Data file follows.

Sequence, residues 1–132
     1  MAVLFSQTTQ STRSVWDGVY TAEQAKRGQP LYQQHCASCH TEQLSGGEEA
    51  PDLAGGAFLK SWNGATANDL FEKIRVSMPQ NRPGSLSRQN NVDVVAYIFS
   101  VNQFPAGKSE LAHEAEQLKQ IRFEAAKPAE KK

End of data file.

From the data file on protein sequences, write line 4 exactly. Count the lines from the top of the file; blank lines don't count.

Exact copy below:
   101  VNQFPAGKSE LAHEAEQLKQ IRFEAAKPAE KK